Eastern Red Cedar : Overview

Eastern Red Cedar on Appalachian Trail

Eastern red-cedar (Juniperus virginiana) along the Appalachian Trail east of Totts Gap, Northampton County, within the Delaware Water Gap National Recreation Area (Tonelli, 2013).


By Mariah Noth

Juniperus virginiana is commonly known as Eastern red cedar, but also referred to as Eastern juniper, pencil cedar, and aromatic cedar. A member of the cypress family, its name is derived from the vibrant crimson hue of its heartwood. Its Lakota name, “chansha,” directly translates to “red wood.”

Although the common name "cedar" was applied by early settlers to North America, it is actually a juniper as indicated by its scientific name. True cedars belong to the genus Cedrus which are native to the Middle East and are distinct from red cedars and various other American trees with the common name "cedar." The Eastern red cedar is also not to be confused with its much larger relative, the Western red cedar (Thuja plicata), which is extremely significant to indigenous people of the Pacific Northwest region of the United States.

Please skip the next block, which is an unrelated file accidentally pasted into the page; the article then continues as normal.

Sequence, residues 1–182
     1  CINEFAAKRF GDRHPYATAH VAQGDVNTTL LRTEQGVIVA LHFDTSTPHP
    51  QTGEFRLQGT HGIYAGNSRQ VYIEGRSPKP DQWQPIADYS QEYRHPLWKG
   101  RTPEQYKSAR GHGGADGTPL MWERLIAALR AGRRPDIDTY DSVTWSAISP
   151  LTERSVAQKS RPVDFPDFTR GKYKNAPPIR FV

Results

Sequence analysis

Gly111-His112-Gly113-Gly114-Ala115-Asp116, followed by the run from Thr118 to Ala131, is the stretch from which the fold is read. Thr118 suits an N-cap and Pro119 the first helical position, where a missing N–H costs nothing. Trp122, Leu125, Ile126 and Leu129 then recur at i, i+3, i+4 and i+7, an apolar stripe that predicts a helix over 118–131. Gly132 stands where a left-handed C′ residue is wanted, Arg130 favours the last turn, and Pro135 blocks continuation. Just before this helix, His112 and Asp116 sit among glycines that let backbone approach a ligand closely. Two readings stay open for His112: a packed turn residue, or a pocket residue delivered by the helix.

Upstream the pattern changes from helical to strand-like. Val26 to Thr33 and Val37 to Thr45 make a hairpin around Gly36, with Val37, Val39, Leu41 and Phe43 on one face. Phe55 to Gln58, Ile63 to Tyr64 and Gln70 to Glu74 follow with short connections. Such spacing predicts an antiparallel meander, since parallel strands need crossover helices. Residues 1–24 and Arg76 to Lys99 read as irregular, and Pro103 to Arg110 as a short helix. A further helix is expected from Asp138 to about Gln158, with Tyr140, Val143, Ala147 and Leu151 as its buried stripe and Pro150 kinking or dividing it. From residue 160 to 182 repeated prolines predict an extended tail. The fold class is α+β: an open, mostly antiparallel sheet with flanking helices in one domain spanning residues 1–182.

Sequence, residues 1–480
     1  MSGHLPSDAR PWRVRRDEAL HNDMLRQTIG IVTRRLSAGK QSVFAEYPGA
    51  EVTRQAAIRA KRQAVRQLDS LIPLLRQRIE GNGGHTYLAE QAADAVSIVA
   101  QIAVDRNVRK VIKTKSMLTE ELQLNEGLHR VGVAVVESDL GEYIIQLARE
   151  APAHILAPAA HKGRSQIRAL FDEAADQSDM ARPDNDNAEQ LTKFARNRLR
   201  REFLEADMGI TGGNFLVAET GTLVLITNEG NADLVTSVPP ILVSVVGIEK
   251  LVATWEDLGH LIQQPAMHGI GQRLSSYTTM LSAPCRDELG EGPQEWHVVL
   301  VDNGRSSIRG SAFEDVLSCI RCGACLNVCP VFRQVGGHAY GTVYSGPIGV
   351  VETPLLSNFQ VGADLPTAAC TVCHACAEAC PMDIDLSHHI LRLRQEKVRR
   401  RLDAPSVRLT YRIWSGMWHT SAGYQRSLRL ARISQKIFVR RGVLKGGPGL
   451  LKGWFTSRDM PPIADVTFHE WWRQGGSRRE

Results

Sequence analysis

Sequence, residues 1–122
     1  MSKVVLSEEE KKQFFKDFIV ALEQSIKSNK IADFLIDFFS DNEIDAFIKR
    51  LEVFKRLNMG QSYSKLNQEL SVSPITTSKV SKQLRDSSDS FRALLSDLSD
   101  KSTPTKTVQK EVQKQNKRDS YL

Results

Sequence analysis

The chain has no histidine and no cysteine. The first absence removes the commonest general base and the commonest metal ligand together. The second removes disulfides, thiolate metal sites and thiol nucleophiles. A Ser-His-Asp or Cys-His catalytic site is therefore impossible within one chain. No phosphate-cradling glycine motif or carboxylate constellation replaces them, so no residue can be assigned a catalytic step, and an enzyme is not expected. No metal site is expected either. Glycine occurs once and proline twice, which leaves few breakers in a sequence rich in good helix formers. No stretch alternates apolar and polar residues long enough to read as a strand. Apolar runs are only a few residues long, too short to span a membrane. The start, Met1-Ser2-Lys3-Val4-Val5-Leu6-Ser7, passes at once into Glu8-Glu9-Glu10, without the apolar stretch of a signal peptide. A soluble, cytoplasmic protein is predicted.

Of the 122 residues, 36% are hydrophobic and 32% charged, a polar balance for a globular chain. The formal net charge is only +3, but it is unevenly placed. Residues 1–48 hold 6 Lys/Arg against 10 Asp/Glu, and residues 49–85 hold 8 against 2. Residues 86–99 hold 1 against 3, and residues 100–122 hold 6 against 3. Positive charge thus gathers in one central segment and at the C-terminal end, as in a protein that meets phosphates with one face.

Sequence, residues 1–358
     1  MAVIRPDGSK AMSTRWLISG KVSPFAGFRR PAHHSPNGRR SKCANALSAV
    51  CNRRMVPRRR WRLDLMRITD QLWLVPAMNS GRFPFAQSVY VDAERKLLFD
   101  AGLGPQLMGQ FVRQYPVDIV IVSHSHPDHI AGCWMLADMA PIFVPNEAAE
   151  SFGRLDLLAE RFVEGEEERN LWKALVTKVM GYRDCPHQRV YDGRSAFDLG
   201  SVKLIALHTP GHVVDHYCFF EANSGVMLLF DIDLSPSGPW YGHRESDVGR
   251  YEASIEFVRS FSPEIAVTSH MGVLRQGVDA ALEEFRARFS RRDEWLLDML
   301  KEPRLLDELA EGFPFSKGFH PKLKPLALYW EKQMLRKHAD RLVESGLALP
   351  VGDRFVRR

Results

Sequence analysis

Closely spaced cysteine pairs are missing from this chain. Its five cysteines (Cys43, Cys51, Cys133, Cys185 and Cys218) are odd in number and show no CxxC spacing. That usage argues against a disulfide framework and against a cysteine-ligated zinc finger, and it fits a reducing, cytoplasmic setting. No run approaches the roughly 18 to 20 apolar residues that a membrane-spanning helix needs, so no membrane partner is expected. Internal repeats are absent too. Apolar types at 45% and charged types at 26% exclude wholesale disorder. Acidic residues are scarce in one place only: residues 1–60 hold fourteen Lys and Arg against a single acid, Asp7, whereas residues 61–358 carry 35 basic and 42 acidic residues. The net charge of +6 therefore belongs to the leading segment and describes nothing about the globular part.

The wood of the Eastern red cedar is highly valued for its beauty, durability, and workability. It also provides cedar wood essential oil for fragrance compounds, food and shelter for wildlife, protective vegetation for fragile soils, and has many native uses. Exciting scientific research has also recently linked the Eastern red cedar to modern medicinal developments including cancer treatment.